The American Hospital Association warns that more than 600 additional rural hospitals – nearly 30 percent of all the rural hospitals in America – are at risk of closing in the near future. And more than 200 are at immediate risk of closing.
When a rural hospital closes, jobs disappear. Doctors leave. It becomes harder for existing businesses to stay afloat, and harder to attract new businesses. Schools and churches struggle, and families pull up roots. This isn’t only a rural problem. With rural communities producing nearly all of America’s food and fuel, this is a national crisis.
Before anyone had even heard of COVID-19, I teamed up with Senator James Lankford, of Oklahoma, a conservative Republican, to update Medicare’s “Critical Access Hospital” designation.
This update would make more rural hospitals eligible for this financial lifeline so they can continue to serve their communities with quality, affordable health care services. Our bill is called the Rural Hospital Closure Relief Act. We plan to re-introduce it soon. NRHA has endorsed it – thank you for that. And with your help, I hope we can persuade Congress to finally pass it – this year.
I also came up with a plan to provide federal grants to rural EMS agencies, to help them recruit and train personnel and purchase equipment—everything from naloxone to power stretchers.
Back in 2018, I found a good Republican partner in Senator Pat Roberts of Kansas, who was chairman of the Senate Agriculture Committee at the time. We called our bill the SIREN Actand we were able to include it in the last Farm Bill.
So far, $18 million in grants have been awarded, and the next round of grants—totaling $10 million—will be going out soon. I know Robin Rose and Rob Schmitt from Gibson City Hospital are here today, they’ve received one of these grants, and I hope many more in this room do soon.
Two years ago, Congress passed President Biden’s American Rescue Plan, which helped nearly 700,000 rural Americans gain health care coverage and directed $8.5 billion to rural providers to help cover soaring costs associated with COVID-19.
The Inflation Reduction Act, which President Biden signed last August, allows Medicare -- finally -- to negotiate prescription drug prices, which will lower prescription prices for all Americans and save Medicare $286 billion dollars.
We also capped insulin costs for folks on Medicare at $35 a month. Democrats want to go further and cap insulin prices at $35 a month for all Americans. By the way, Congress passed both the American Rescue Plan and the Inflation Reduction Act without a single Republican vote.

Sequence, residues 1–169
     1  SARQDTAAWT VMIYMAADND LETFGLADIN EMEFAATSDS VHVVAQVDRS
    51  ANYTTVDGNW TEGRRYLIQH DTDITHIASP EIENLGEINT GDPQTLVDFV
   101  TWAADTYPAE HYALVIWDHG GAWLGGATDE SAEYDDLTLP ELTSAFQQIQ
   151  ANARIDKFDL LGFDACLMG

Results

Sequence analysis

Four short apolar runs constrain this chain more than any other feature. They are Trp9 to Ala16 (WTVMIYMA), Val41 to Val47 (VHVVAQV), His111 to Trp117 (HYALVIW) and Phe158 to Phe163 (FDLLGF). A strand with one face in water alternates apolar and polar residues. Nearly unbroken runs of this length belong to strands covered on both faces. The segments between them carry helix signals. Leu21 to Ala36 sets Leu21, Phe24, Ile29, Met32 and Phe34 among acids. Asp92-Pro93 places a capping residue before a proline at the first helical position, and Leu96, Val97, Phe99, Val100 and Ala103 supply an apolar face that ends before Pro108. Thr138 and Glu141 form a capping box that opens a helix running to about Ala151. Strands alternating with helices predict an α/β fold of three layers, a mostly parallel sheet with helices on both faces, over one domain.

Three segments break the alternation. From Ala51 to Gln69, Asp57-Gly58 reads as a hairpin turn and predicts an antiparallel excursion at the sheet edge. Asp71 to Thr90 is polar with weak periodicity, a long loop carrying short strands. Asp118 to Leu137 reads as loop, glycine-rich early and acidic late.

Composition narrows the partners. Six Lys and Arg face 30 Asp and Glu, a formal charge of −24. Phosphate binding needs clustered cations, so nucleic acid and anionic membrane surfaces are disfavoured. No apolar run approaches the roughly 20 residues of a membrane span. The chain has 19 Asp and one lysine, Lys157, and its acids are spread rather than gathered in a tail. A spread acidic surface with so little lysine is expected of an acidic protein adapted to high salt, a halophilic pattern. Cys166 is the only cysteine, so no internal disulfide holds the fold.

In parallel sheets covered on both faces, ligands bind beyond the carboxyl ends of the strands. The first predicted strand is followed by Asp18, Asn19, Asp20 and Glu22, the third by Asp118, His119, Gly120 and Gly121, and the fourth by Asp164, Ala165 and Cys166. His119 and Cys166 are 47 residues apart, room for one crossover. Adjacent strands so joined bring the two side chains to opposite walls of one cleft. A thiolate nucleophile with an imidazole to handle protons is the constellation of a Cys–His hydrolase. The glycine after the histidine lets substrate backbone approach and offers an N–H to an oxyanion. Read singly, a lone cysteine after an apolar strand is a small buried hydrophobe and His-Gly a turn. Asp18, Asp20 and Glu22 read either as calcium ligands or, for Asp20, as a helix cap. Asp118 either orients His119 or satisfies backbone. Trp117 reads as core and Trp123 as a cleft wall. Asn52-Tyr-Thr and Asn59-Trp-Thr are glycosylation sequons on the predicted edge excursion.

Tonight, when President Biden delivers his State of the Union Address, I expect that strengthening America’s health care safety net will be one of his top priorities. I share that priority. Of course, the factors driving America’s rural health crisis didn’t start with COVID-19. They’ve been building for years. The pandemic just put a spotlight on them.
As pandemic relief from Washington starts to wind down, we need to find new ways to strengthen the rural health care safety net. As you know, there are many pieces to that puzzle. One promising example appears to be telehealth. Millions of Americans participated in their first telehealth appointments over the past three years.
Yesterday, I met with a psychiatrist at a community health center who told me how their no-shows and cancellations went away by using telehealth. It’s helped reduce barriers to accessing care and I believe we should continue to study the experience of the last few years—while making sure we have appropriate guardrails in place, especially when it comes to prescribing medications. I want to tell you about another important piece that I’m working on with rural providers in my state. That’s the nationwide rural health care workforce crisis.
Increasing the number of doctors, nurses, and other health professionals working in rural areas, I am convinced, will reduce some of our other health care challenges – including rural hospital closings -- and improve the vitality of rural communities.